-Steve Dillon's artwork, especially the facial expressions he draws. He is able to convey far more emotion than virtually any superhero-style comic artist, and his character actually look like humans. He doesn't really do anything interesting with form--he's not an experimental comic artist--but he does what he does very well.

-The relationships between the characters, and especially how they change over time.

-The anti-re
04 January 2013

Rating:* * 1/2


Preacher, Vol. 9: Alamo is a disappointing, anti-climatic end to the series. The Saint of Killers couldn't even save the show and that's saying a lot. I equate this journey with Preacher to having a major case of blue balls. It got me excited at times, but never quite got me there.

While I enjoyed the extremes to which this series dared to go, I don't think I would ever read this again. It wasn't consistently interesting enough for me to commit the time to it ag
Krystl Louwagie
What can I say, I love Cassidy. Though, no one will ever really convince me to like Tulip, or the relationship between Custer and her.
While I agree that a whole class could legitimately be taught on all the kinds of wrong this series is for good, open minded people (it's entirely chauvinistic, and pretty much portrays sexual deviants negatively and only presents normal hetero love as positive and everything else is so over the top it's obscene, too many guns and cowboys with old fashioned ideas
Tyler Hill
Oh, should I give this 5 stars? Tempting, but I think there were a couple of small hiccups that kept this from really being excellent. That said, most of my complaints about the last volume (see that review, if you're really bored) are largely downplayed, and instead what we mainly get is the stuff that I really think made this series great.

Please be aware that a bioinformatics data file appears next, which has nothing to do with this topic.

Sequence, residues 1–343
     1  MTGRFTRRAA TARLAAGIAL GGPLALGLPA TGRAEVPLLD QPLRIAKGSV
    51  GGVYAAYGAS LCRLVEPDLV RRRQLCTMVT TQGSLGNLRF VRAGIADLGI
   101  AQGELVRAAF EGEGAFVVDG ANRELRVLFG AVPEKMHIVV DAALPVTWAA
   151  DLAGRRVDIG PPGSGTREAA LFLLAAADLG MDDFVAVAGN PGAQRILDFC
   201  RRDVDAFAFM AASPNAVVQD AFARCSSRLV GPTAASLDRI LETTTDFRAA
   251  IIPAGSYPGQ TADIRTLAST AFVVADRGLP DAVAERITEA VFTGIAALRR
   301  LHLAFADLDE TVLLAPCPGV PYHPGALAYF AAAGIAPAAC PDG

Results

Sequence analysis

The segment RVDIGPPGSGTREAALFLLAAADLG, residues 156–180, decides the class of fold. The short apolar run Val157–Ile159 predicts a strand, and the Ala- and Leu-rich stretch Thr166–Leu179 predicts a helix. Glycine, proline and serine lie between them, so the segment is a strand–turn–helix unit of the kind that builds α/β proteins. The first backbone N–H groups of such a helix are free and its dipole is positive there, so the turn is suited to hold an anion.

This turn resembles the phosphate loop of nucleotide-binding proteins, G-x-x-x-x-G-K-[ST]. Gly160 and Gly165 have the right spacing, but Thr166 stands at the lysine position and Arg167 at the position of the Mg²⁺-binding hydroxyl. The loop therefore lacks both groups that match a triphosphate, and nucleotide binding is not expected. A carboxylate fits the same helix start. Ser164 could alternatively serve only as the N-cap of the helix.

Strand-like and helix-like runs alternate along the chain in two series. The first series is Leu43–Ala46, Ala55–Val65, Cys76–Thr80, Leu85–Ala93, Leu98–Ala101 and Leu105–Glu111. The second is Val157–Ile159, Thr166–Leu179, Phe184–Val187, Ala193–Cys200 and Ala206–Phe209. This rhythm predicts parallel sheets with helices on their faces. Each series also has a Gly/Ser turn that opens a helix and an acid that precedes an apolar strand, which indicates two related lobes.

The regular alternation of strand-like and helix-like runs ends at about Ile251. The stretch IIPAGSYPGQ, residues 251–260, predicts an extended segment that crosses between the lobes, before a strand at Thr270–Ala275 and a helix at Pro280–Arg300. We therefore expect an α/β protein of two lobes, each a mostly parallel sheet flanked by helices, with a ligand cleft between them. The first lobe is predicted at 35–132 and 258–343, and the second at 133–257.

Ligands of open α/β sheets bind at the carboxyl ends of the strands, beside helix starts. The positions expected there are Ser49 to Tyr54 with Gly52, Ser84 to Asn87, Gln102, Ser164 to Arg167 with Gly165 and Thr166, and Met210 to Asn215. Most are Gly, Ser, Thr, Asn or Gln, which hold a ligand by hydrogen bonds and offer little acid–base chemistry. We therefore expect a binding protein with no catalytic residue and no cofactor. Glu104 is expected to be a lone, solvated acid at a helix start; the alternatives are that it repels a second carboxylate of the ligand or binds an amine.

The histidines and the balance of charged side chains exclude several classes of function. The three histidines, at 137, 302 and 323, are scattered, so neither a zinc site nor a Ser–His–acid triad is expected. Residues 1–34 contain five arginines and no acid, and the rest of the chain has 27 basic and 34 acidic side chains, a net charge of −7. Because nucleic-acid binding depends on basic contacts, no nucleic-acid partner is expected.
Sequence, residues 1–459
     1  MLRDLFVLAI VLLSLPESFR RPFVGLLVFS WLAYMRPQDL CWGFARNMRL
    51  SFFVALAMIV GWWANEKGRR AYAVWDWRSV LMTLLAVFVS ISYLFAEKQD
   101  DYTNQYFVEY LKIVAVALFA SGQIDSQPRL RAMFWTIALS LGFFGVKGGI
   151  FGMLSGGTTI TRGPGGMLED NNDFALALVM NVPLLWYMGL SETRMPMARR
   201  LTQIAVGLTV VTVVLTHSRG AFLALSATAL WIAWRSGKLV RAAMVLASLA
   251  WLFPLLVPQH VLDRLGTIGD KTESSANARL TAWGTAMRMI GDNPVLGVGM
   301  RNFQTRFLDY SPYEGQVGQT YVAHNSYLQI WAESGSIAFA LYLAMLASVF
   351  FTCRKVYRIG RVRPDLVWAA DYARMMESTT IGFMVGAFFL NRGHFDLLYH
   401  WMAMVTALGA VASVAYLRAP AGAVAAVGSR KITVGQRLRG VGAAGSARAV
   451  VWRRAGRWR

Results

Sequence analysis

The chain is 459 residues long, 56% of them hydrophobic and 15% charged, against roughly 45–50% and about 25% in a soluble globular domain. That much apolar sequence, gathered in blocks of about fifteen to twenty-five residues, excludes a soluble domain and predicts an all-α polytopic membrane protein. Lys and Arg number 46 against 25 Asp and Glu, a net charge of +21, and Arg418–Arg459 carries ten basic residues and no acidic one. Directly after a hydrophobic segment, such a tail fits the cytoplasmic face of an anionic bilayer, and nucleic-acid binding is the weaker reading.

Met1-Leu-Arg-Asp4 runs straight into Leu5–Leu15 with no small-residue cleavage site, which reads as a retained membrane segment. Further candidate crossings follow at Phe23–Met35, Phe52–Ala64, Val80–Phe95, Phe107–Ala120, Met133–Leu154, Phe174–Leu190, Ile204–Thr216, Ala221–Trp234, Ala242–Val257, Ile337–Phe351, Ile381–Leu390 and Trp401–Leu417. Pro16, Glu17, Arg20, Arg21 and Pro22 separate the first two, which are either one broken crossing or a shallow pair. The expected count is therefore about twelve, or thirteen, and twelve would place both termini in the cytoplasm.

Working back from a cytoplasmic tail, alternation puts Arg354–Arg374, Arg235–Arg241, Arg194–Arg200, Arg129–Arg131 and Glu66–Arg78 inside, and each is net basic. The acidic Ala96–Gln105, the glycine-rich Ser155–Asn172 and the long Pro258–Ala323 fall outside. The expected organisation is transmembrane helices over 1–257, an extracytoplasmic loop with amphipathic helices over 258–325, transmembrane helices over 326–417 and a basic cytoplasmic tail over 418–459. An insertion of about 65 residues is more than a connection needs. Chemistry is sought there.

The shocks, gory and profanity are still here, but for the most part they seem like a natural outgrowth of the story, not just tacked on to please the reade
Well, it was a better ending than I expected. God was basically a force that fed on love. Every other figure was created by him. He created terrible suffering so that people might turn to him and their love would be sweeter for it. Genesis was just another ploy, but it got out of hand.
I still don't feel that the story deals with the whole machismo/chivalry issue. They talk about it, and Jesse admits it's messed up and that Tulip is a confident, self assured and capable woman. But when the time c
Renny Abraham
A review for the entire Preacher series. If you're a christian, you will find these books blasphemous. Just read it like you would a comic book and you'll enjoy it. A word of warning: this series is bloody and violent, quite adult. Its not for the squeamish. The story is interesting enough but I was surprised that "Genesis" never really got much screen time. It's just something that is there in the entire series. An annoying aspect is that the characters love to talk and, boy, they talk waaaay t ...more
Imagine a story based on Greek mythology, where a mortal who inadvertently received divine powers decides to confront Zeus, all while traveling with a beautiful woman and a vampire. On their way, they have adventures with a cabal of murderous priests, an impossibly strong giant and his lecherous little brother, and other assorted characters.

That's the Preacher series, except it's not Greek gods they take on but the Judeo-Christian one. G-d himself. This is a radical thing, to treat Yaweh as a c